Pillar 1 of the seven pillars is theoretical knowledge and understanding of health, disease and self-care. The World Health Organization (WHO) defines health literacy as representing “The cognitive and social skills which determine the motivation and ability of individuals to gain access to, understand and use information in ways to promote and maintain good health”.
- Health literacy is important because…
People with strong health literacy skills enjoy better health and well-being, while those with weaker skills tend to engage in riskier behaviour and have poorer health. Good health literacy skills allow an individual to interpret the information they are given about health, to find and use their own sources of health information and to understand when information is poor or misleading.
At its most basic, health literacy refers to the ability of a patient to understand information given to them by health care professionals. This information can be confusing, complex and is not always designed for a non-clinical audience. One of the most important aspects of health literacy is that it allows a patient to interpret information, whether written or verbal, and understand it.
Beyond this, improving an individual’s health literacy allows them to seek out information about any aspects of their health or lifestyle that they want to know more about. This may range from the simple, such as using a search engine to find information about a new diagnosis, to the complex, such as finding information to design specific exercise regimens or understand the genetic basis of a disorder.
Health literacy also enables people to understand the ‘network’ benefits of self-care. For example, regular tooth brushing and flossing will prevent periodontal (gum) disease, but have also been shown to reduce some forms of heart disease. Exercise is not only good for fitness, but can also reduce the risk of Alzheimer’s disease.
Health literacy also helps individuals to distinguish bad information from good. Modern societies perhaps inadvertently tend to promote unhealthy lifestyles, and often do so in ways that are more prominent or easier to access than information regarding healthier choices. An example would be the abundance of advertising for fast food during prime time television versus the more scant public health messages advertising good food choices. Improved health literacy helps people to recognise this, and interpret it appropriately.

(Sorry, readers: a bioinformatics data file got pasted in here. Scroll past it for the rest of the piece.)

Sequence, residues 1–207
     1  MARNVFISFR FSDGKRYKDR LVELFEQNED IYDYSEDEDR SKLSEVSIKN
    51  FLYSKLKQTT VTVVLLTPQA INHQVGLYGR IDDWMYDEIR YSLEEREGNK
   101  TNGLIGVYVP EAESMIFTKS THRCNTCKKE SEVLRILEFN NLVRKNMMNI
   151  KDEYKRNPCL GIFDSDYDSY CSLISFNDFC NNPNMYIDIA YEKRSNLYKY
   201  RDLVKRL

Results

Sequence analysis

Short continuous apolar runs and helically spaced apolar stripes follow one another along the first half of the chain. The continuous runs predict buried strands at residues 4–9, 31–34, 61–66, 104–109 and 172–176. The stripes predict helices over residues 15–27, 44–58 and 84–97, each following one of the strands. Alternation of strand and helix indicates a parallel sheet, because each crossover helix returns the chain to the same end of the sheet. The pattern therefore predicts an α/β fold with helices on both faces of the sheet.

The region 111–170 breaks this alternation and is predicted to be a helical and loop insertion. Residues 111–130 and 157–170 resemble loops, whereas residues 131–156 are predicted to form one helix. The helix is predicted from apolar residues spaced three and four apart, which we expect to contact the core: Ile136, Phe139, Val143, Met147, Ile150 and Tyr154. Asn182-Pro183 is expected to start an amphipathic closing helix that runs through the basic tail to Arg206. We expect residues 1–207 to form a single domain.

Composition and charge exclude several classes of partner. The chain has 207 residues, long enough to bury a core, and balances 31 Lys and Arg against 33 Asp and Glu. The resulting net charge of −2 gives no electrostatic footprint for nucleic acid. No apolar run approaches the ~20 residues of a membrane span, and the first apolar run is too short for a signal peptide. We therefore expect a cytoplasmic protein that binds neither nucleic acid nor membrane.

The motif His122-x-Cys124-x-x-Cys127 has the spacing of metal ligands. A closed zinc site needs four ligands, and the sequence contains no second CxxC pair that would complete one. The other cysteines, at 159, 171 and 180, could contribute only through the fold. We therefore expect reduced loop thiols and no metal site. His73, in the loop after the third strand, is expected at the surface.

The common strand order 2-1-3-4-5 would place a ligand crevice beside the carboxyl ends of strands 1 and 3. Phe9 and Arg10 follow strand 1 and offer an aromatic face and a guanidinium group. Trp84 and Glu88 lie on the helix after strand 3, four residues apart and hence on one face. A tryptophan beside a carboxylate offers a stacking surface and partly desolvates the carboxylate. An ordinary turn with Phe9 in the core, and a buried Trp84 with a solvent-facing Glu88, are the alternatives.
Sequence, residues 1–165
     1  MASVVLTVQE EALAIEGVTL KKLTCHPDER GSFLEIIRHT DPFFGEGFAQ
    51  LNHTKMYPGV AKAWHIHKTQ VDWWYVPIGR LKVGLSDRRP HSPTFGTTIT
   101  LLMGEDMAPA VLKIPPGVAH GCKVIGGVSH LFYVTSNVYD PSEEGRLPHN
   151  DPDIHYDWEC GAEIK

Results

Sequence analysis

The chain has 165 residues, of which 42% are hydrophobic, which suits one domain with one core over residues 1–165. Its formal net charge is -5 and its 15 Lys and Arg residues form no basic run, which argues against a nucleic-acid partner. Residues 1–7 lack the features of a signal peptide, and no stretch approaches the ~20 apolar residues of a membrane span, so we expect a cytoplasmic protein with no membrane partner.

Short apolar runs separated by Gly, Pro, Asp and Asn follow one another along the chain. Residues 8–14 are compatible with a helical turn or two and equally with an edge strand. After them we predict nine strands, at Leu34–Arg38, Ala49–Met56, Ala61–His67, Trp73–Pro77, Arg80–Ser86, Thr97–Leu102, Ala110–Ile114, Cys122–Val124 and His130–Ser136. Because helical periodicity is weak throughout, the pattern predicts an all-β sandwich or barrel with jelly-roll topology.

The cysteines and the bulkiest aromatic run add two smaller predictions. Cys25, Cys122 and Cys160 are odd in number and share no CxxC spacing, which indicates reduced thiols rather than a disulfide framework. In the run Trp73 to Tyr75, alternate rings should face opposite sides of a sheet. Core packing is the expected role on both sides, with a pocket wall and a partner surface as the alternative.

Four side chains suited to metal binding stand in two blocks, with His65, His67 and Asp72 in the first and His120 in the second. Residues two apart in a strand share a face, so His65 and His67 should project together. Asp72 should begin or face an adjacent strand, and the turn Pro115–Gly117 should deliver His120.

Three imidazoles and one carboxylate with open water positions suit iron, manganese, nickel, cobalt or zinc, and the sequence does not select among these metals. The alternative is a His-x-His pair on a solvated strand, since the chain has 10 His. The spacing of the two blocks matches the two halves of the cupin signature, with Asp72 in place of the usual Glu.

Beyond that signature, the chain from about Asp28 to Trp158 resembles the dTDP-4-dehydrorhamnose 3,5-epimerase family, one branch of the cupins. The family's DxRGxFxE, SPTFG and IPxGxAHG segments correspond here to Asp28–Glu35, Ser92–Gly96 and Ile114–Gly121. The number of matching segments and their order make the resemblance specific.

- Lack of health literacy is the cause of…
Poorer health literacy has been shown to result in less healthy choices, riskier behaviour, less self-management, poorer overall health and more hospitalisation. Lack of health literacy at a broader level significantly drains human and financial resources in the health system.
People are not able realise their health potential unless they can control the factors that determine their health, and health literacy is one of the strongest predictors of this control. It is significant that “[health] literacy is a stronger predictor of an individual’s health than income, employment status, education level and racial or ethnic group” (Weiss, 2007).
- WHO recommendations for health literacy…
The WHO Regional Office for Europe released a publication in 2013 entitled “Health Literacy” as part of the “Solid Facts” series which states: “Ideally, a health literate individual is able to seek and assess the health information required: to understand and carry out instructions for self-care, including administering complex daily medical regimens; to plan and achieve the lifestyle adjustments required for improving their health; to make informed positive health-decisions; to know how and when to access health care when necessary; and to share health-promoting activities with others and address health issues in the community and society”.
A more detailed list of the recommended components of individual’s health literacy would include:
- Understanding that people have an opportunity to protect their own health
- Knowing where to look for health information and how to use it
- Knowledge of health and its determinants
- Knowledge of common diseases and their causes
- Knowledge of the major risk factors of cardiovascular diseases, diabetes and of other avoidable risks to health
- Understanding self-care, e.g. the seven pillars
- Understanding the value of health screenings at key life points
- Knowing how to use self-care products safely and effectively
- Understanding medicines and vaccines
- Knowing when to seek professional advice
- Knowing how to join, help and motivate others such as family members
- Understanding the indirect determinants of health, such as understanding food labelling